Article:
In school, your student can face social challenges or issues of acceptance especially if not many kids are like them. One Murray State University graduate student started a program this fall to help combat these issues.
MSU Grad student Jasmine Young created the B.R.A.V.E program at Murray Elementary School in September. B.R.A.V.E stands for black, respectful, achieving, victorious, and empowered. Young, who is working on a Masters in School Counseling, says Murray Elementary administration approached her last year while she was interning there.
“The administration came to me and said, ‘Jasmine we are starting to see a pattern with African American students. They're starting to feel excluded, they have low self-esteem, and we can't really reach them’” Young said.
“They have no representation of black anywhere in the school. I was the only one, and I was only there for a semester. So, they wanted to see what can I do, what can we do to help bridge this gap, to help bring a safe environment to the school,’ Young said.
That’s where B.R.A.V.E comes in, 16 pairs consisting of MSU students along with 2nd and 3rd grade students has now formed.
“Come into the school and play a part in that whether they're an advocate, whether they're helping them with math, whether they're helping them through social challenges and feeling accepted,” Young said.
The pairs are required to meet once a week at school and once a month outside of school. Senior Taisha Collins, who is paired with 3rd grade student Micaah Baker, says she loves it.
“This is something I’m passionate about. I enjoy hanging out with him just because I know how important it was for me to have a mentor when I was younger,” Collins said.
Collins and Micaah have hung out at the movies, and at his home in addition to sitting together in class.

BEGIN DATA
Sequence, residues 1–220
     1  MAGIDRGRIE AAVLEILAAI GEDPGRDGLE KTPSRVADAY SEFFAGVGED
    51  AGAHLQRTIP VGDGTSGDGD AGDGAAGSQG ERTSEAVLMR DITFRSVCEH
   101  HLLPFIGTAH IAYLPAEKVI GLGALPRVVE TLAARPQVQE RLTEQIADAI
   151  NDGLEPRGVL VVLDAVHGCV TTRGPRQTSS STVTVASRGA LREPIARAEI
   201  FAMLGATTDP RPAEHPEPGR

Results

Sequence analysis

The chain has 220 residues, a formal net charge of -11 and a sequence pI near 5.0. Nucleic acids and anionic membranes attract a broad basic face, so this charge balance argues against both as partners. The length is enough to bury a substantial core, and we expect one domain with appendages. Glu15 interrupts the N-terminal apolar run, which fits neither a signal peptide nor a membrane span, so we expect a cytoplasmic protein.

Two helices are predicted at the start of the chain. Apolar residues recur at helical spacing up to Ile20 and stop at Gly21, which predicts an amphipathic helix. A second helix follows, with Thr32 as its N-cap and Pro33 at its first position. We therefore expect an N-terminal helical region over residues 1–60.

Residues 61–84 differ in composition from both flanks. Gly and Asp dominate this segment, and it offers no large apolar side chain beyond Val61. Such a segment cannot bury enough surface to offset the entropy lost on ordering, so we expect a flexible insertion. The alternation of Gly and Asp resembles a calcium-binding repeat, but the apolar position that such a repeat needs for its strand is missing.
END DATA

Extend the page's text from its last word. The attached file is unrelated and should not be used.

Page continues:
“We kind of communicate back and forth on things he needs help in, and skills he could like enhance,” Collins said.
Young said it’s about creating self-awareness, because even though we may want to treat everyone the same sometimes that is not possible.
“With different races more students need attention, more students need that extra push, and with the African American culture because they don’t have anyone in the school that looks like them and to advocate for them it’s hard to relate,” Young said.
B.R.A.V.E is creating a way to communicate.
“Bridge that gap to say it's okay to talk to others, but it’s great that you have someone who’s like you that can understand,” Young said.
Young says one month has already made a huge difference.
The teachers come to me like, 'Oh my gosh, we see improvement with socializing, we see improvement in academics, we see improvement in motivation,'" Young said.
Young wants to expand the program to Murray Middle school in January and eventually make it multicultural. Her hope is to make B.R.A.V.E a nationwide program.
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